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Mil Med. 2009 Jul;174(7):750-6.

Comparison of short-term response to two spinal manipulation techniques for patients with low back pain in a military beneficiary population.

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U.S. Army-Baylor University Doctoral Program in Physical Therapy, 3151 Scott Road, Suite 1303, Fort Sam Houston, TX 78234, USA.



To determine whether military health care beneficiaries with low back pain (LBP) who are likely to respond successfully to spinal manipulation experience a difference in short-term clinical outcomes based on the manipulation technique that is used.


Sixty patients with LBP identified as likely responders to manipulation underwent a standardized clinical examination and were randomized to receive a lumbopelvic (LP) or lumbar neutral gap (NG) manipulation technique. Outcome measures were a numeric pain rating scale and the modified Oswestry Disability Questionnaire.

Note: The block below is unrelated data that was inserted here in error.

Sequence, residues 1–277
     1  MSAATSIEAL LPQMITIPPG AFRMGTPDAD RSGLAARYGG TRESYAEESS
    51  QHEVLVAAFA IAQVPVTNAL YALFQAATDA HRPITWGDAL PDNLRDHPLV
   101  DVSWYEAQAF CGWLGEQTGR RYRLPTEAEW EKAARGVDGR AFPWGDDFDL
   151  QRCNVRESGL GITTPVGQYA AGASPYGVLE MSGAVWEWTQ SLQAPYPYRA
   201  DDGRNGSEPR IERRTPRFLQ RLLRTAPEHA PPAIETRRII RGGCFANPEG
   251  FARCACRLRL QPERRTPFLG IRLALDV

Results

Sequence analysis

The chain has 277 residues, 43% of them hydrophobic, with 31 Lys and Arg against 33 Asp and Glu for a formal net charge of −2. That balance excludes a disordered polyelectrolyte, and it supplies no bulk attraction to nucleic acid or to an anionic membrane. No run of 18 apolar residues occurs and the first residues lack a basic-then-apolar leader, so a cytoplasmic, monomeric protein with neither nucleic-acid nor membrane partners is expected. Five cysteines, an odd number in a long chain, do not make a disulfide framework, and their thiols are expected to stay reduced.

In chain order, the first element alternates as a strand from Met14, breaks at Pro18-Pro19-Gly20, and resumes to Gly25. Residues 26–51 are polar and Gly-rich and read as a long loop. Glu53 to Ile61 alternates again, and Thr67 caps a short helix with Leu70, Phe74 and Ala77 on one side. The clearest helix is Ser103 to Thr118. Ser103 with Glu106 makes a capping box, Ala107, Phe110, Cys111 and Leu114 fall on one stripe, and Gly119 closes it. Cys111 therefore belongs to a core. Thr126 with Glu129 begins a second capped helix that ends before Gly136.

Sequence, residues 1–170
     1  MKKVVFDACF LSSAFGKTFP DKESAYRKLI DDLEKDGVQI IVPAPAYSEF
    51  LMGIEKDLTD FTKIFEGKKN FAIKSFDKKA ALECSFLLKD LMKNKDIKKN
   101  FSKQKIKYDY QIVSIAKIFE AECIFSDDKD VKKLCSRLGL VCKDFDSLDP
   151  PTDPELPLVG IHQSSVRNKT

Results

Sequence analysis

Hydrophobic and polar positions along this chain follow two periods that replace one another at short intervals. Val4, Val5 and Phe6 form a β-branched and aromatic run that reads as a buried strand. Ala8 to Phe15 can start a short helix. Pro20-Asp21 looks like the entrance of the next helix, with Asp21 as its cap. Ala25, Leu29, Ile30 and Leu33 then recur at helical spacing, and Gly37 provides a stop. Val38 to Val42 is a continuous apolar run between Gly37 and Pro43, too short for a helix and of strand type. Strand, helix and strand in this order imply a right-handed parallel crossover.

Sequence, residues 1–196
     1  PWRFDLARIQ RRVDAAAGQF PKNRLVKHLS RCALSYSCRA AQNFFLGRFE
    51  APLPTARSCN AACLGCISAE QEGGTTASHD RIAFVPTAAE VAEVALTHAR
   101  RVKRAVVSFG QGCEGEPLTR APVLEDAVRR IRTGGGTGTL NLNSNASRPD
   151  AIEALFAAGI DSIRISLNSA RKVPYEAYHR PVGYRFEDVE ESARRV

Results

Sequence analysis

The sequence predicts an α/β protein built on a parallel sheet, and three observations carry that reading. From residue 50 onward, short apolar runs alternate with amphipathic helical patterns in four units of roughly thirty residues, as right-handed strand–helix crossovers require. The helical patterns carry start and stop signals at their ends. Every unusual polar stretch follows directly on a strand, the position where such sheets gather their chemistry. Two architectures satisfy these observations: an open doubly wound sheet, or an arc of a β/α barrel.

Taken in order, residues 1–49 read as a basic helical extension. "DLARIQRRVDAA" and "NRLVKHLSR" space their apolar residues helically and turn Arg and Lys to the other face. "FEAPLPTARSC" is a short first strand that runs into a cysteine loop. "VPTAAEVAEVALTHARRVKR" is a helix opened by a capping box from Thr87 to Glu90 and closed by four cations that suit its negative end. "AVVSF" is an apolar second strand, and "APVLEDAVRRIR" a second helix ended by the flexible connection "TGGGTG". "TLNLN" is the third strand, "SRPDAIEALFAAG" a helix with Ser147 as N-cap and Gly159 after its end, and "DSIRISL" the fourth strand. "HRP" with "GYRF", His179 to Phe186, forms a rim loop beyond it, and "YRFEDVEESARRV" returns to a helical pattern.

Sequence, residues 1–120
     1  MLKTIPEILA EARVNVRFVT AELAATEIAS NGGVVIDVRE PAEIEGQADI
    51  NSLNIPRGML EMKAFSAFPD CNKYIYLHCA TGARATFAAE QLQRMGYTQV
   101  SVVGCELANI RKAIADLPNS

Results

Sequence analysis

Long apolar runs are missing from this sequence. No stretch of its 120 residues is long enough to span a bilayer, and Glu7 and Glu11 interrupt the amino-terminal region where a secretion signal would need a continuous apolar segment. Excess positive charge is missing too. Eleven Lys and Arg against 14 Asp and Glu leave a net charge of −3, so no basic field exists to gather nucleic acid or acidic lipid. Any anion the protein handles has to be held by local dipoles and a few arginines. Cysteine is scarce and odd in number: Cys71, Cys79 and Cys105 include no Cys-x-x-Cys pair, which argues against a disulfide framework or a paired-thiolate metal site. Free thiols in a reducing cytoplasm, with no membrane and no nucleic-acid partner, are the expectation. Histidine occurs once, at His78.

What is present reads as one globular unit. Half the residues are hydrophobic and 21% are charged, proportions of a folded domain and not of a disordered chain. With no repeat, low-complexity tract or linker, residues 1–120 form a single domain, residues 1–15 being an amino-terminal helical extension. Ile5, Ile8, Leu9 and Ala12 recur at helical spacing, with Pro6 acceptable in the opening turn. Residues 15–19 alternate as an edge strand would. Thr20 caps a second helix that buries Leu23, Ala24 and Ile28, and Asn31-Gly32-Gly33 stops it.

Both the LP and NG groups experienced statistically significant reductions in pain and disability at 48 hours postmanipulation. The improvements seen in each group were small because of the short follow-up. There were no statistically significant or clinically meaningful differences in pain or disability between the two groups.


The two manipulation techniques used in this study were equally effective at reducing pain and disability when compared at 48 hours posttreatment. Clinicians may employ either technique for the treatment of LBP and can expect similar outcomes in those who satisfy the clinical prediction rule (CPR). Further research is required to determine whether differences exist at longer-term follow-up periods, after multiple treatment sessions, or in different clinical populations.

[Indexed for MEDLINE]

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